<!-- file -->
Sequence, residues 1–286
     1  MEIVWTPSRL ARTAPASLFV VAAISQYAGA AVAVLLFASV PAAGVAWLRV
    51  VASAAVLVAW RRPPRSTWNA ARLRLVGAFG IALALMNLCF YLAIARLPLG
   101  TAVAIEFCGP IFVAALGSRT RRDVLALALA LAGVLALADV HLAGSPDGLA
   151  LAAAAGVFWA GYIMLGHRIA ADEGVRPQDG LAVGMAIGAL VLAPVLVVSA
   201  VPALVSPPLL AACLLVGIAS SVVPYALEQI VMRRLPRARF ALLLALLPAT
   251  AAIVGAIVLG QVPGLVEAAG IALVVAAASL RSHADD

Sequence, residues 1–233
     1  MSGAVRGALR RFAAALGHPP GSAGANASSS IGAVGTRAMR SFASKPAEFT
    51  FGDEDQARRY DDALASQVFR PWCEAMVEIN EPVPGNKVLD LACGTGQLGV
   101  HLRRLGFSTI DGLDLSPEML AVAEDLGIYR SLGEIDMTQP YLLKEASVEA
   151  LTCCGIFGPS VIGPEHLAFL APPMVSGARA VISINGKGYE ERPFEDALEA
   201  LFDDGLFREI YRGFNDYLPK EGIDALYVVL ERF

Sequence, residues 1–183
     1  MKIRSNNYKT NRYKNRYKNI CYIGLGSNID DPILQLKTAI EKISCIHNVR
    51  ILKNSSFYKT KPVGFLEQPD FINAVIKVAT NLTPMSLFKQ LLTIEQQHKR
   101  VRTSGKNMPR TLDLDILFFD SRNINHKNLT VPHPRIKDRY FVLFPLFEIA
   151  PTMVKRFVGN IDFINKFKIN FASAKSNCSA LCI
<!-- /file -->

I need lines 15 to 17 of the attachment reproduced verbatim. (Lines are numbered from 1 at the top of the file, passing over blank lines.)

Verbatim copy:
     1  MKIRSNNYKT NRYKNRYKNI CYIGLGSNID DPILQLKTAI EKISCIHNVR
    51  ILKNSSFYKT KPVGFLEQPD FINAVIKVAT NLTPMSLFKQ LLTIEQQHKR
   101  VRTSGKNMPR TLDLDILFFD SRNINHKNLT VPHPRIKDRY FVLFPLFEIA